A Long Walk To Church: A Contemporary History Of Russian Orthodoxy Nathaniel Davis

ISBN: 9780813322773

Published: December 20th 1994

Paperback

381 pages


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A Long Walk To Church: A Contemporary History Of Russian Orthodoxy  by  Nathaniel Davis

A Long Walk To Church: A Contemporary History Of Russian Orthodoxy by Nathaniel Davis
December 20th 1994 | Paperback | PDF, EPUB, FB2, DjVu, AUDIO, mp3, RTF | 381 pages | ISBN: 9780813322773 | 3.24 Mb

Despite its problems, the Russian Orthodox Church manifests a luminous faith. It has achieved great political influence and is the former Soviet Union’s most important vehicle for spiritual and ethical renewal. Nevertheless, it is still a long walkMoreDespite its problems, the Russian Orthodox Church manifests a luminous faith. It has achieved great political influence and is the former Soviet Union’s most important vehicle for spiritual and ethical renewal.

Nevertheless, it is still a long walk to church in that tormented land.Making use of the formerly secret archives of the Soviet government, Nathaniel Davis offers the first complete account of the history of the Russian Orthodox Church in recent times. Twice in the past sixty years, the church hung on the brink of institutional extinction. In 1939, only four bishops and a few score widely scattered priests were still functioning openly in that vast land.

In a single night, Stalin could have arrested them all. Ironically, Hitler’s invasion and Stalin’s reaction to it rescued the church—and parishes reopened, new clergy and bishops were consecrated, a patriarch was elected, and seminaries and convents were reinstituted.In his paranoid last five years, Stalin reverted to his earlier policies of repression- after his death, Nikita Khrushchev resumed the onslaught against religion. Davis reveals the full scope of Stalin’s last assault, the limited extent of the reprieve, and the relative continuity of policy in those brutal years of repression under Khrushchev.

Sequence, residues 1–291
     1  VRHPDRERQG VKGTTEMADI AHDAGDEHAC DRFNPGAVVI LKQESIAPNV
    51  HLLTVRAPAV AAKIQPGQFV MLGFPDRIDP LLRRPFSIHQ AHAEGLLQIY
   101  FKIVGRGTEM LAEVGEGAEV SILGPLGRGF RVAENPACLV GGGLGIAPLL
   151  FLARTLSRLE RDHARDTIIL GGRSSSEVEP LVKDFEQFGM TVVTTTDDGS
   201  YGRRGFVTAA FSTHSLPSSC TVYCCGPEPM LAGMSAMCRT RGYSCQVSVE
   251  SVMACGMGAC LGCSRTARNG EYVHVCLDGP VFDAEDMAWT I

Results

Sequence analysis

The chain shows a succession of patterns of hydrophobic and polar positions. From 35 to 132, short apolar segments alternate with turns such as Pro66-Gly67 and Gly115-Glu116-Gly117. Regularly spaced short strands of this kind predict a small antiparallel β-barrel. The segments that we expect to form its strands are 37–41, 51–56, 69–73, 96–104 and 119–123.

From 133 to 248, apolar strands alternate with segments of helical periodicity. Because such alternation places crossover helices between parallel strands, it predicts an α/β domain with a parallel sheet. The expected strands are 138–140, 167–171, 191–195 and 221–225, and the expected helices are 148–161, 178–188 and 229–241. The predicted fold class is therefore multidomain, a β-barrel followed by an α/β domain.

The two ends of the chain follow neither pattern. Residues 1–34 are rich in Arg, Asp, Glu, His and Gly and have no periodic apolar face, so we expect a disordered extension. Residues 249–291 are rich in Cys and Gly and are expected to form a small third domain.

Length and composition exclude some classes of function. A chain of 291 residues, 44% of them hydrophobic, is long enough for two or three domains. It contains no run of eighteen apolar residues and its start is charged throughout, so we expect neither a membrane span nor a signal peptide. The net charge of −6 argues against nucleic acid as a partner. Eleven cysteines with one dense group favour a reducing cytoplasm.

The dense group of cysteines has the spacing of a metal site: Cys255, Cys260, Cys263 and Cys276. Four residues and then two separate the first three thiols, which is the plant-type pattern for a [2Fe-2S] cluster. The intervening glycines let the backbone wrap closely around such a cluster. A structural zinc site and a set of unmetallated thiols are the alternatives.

He shows that under Brezhnev, the erosion of church strength was greater than the world has been told, and that those decades witnessed the low point in the church’s second great crisis of survival. It was none too soon when the Soviet government changed policy in anticipation of millennium of Russia’s conversion to Christianity in 1988. One could travel a thousand kilometers on the Trans-Siberian railway without coming to a single functioning church.The collapse of communism and the fragmentation of the Soviet empire have created a challenging mixture of opportunity and trouble for Russian Orthodoxy.

Thousands of half-destroyed churches have been returned to believers, but the faithful do not have the money to restore them. Thousands of parishes are without priests. Ukraine, where most of the Orthodox churches were, has fallen into schism, with three feuding Orthodox factions struggling against each other and a resurgent Greek-Catholic community pushing all three eastward.Across the former Soviet Union, the leaders of the Russian Orthodox Church bemoan a “spiritual vacuum” into which are rushing moneyed Protestant evangelists, Catholic proselytizers, Eastern mystics, and even Satanists and telesorcerers.

Moreover, Orthodox Church leaders’ past collaboration with the communist authorities has bedeviled the hierarchs as they struggle to assert moral leadership in a society where the communists worked for seventy-five years to lead the people astray.



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